As has been addressed nauseam since last spring, the Jacksonville Jaguars boasted the youngest team in the NFL for the 2020 season. A bevy of free agent signings, free agent losses and 12 picks in the 2020 NFL Draft, all added up to the Jags fielding a roster of primarily guys on their rookie contracts. Veterans were few and far between, the silver lining being the team has room to grow.
With this in mind, we are going to go through each of the Jaguars' 12 draft picks from 2020 and examine the ups and downs of their rookie season.
Next up is defensive end, K’Lavon Chaisson. The LSU product was selected by the Jags in the first round, at No. 20 overall. It was a pick given to the club after trading Jalen Ramsey to the Los Angeles Rams.
stats via Pro Football Focus
- 16 games (three starts)
- 19 tackles
- 1 pass defended
- 20 quarterback hurries
- Nine quarterback hits
- Seven quarterback knockdowns
- 29 quarterback pressures
- One sack
- Four missed tackles
What Went Right
There were few—if any—that could match Chaisson’s enthusiasm. He was always a 110% ready to give 150%—sometimes to his detriment, but more on that below. Chaisson started the season admittedly raw. His college tape showed a pass rusher who relied almost solely on pure athletic ability and that’s the same understanding of the game he brought to the NFL. It took a while for him to, well, understand the game.
As the season progressed, injuries meant Chaisson had to see a higher and higher snap count and as such, his baptism by fire meant by season’s end, he was showing his ability to marry the athletic ability that made him special and the student that was going to help him succeed.
By the end of Week 17, when he started versus the Indianapolis Colts, Chaisson had put together a second half of the season that saw him accumulate 22 of his 29 quarterback pressures and 15 of his 20 quarterback hurries.
One of the best things to come out of Chaisson’s rookie season was the maturation of Josh Allen. The second-year defensive end took the example set by Calais Campbell and began to mentor Chaisson. The duo would stay after practice and work on swim moves, get-offs and the extra effort it takes to succeed against a NFL offensive line. It was evident more and more in Chaisson’s game as the season went on and also gave Allen a greater sense of responsibility for the team.
Former Defensive Coordinator Todd Wash noticed this improvement in Chaisson ahead of Week 16, saying “he’s worked extremely hard since he’s been here of trying to improve his game and getting better and better each week…hopefully, we can get him to get a couple sacks and that kind of stuff, which obviously he’s dying for at this point in time. But he works his tail off to get better each and every day, studies, and you’re starting to see some of the benefits of that hard work.”
When Went Wrong
As Wash mentioned, Chaisson was “dying for” a sack at some point. He had a sack early on in Week 2, then none the rest of the season. His enthusiasm even seemed to work against him at times. He was a missile, so determined to get to the backfield that he’d take off before setting his coordinates.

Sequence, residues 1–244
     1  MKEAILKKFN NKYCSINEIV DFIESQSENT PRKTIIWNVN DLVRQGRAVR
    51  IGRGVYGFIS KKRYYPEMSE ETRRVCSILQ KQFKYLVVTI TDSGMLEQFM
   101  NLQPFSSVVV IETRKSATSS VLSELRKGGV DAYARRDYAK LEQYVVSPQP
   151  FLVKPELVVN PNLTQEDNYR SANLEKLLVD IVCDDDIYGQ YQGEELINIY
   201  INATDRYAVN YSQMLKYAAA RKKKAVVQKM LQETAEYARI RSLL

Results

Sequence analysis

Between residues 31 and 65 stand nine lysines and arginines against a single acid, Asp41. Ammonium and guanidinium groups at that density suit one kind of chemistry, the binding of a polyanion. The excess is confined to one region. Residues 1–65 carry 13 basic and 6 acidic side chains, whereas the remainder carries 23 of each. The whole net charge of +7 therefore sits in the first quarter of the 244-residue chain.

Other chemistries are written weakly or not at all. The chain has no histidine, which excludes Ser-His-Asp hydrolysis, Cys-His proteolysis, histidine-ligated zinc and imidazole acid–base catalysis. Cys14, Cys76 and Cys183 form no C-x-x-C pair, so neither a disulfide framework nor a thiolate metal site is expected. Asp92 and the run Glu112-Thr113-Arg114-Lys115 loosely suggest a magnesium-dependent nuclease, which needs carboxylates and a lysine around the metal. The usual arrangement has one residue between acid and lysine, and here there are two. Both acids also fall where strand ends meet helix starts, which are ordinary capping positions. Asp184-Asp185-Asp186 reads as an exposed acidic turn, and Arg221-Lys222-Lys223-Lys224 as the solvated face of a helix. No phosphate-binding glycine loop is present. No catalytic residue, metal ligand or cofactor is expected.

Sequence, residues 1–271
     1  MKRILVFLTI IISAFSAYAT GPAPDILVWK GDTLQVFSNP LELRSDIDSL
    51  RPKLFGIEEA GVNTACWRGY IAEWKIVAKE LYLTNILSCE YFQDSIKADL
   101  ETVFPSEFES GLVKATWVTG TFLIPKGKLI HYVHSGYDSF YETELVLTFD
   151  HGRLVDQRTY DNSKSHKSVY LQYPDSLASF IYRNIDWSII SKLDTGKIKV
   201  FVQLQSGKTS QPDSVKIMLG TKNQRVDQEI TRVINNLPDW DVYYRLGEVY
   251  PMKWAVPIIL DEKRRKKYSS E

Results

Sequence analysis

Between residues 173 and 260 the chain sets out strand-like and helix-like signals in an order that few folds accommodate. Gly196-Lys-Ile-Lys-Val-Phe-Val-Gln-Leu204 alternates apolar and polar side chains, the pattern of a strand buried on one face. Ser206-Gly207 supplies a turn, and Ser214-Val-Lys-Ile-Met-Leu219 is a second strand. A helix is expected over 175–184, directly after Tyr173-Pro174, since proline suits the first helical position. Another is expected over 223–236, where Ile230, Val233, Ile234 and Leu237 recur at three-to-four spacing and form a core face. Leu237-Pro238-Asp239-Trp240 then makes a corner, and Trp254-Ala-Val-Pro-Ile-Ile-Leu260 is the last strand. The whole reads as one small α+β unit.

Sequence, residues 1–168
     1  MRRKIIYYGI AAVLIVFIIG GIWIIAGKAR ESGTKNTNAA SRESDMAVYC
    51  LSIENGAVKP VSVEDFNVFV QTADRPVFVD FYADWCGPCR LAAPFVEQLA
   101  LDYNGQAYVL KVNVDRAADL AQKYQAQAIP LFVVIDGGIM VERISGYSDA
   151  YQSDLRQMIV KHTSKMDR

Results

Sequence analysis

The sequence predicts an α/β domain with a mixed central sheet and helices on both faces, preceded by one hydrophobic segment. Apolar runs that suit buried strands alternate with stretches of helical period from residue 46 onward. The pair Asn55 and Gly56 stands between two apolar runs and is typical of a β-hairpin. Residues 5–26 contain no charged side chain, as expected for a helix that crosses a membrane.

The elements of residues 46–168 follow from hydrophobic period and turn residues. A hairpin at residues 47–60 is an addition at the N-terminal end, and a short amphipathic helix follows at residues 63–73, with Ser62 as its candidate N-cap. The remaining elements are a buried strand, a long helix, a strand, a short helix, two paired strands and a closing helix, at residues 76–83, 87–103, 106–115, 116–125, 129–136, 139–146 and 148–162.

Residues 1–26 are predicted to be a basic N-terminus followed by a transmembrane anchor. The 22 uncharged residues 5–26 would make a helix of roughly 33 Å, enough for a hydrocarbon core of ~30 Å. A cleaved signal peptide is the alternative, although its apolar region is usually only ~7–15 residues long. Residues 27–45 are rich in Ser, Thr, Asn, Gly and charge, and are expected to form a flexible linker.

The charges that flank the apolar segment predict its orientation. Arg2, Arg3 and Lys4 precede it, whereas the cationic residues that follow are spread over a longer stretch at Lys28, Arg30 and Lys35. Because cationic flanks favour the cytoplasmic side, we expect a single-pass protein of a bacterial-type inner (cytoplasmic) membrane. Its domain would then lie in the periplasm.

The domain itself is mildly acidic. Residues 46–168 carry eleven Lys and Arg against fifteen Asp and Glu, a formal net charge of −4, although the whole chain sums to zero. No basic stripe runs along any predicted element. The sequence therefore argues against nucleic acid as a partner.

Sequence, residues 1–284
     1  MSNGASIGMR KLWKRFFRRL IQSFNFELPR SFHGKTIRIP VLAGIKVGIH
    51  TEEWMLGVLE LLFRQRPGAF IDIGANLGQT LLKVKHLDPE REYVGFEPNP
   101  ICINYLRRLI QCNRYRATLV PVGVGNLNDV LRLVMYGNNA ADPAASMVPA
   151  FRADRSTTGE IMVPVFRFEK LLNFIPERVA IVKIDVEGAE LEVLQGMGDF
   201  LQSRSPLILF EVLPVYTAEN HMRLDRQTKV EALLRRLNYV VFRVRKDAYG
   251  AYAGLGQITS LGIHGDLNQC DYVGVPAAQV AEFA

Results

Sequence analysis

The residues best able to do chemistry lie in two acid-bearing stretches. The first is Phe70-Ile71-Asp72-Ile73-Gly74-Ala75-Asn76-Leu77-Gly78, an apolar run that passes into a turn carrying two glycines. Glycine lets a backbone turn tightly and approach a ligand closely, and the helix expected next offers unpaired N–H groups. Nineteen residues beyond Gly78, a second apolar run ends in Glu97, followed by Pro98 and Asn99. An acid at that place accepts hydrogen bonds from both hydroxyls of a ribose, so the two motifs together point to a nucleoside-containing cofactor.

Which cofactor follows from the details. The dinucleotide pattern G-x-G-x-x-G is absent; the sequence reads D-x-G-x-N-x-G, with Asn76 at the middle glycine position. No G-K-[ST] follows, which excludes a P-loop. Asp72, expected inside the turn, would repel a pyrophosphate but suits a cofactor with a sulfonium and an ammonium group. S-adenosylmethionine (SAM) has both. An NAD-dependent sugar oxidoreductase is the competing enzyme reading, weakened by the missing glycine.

And while Chaisson is there to be an edge rusher and his coverage skills aren’t at the top of list of needs, they are an area of his game that must improve. He allowed a 100% catch rate on four passes according to PFF. His run defense was also lacking, scoring a 39.2 overall from PFF, based on their metrics. He gave up only four missed tackles, which is notably impressive. However, he also only tallied 12 stops (which PFF defines as “tackles that constitute a ‘failure’ for the offense”), a number that was effected by Chaisson getting out of position at times.
The biggest thing that went wrong for Chaisson in 2020 wasn’t entirely his fault though. He’s an edge rusher for a 3-4 or 4-3 defense, and was shoe-horned into a 50-under front during his first year in the league. More often than is necessary for someone of his position, Chaisson was asked to line up with his hand in the ground and rush from a three-point stance.
This was not the best utilization of skill set and it hampered his acclimation to the NFL.
For as much as K’Lavon Chaisson’s rookie season felt like a roller coaster ride at times, it also provided the same exhilaration as a loop-de-loop of the ride. One simply couldn’t help but watch him. He was entrancing and positively vibrated with energy. If he can hold on to that while working to perfect technique, Chaisson could be a special player for the Jaguars.
Chaisson’s new defensive coordinator is Joe Cullen, the former defensive line coach for the Baltimore Ravens. Cullen’s background in the trenches—and his experience working with stars like Calais Campbell—bode well for guys like Chaisson and Josh Allen.
“They could play in either scheme,” Cullen said of Allen and Chaisson, in relation to possibly playing in a 3-4 or a 4-3.
“Both of those guys are versatile, they are athletic. They can put their hand down, they can stand up. They can do a lot of different things, and I’m excited.”
When former General Manager Dave Caldwell and former Head Coach Doug Marrone elected to draft Chaisson in the first round of 2020, it was met with some skepticism. Was he worth such a high pick? That can be argued, but the sparks are there, showing us what the duo saw during evaluation that led to the club falling in love with the edge rusher.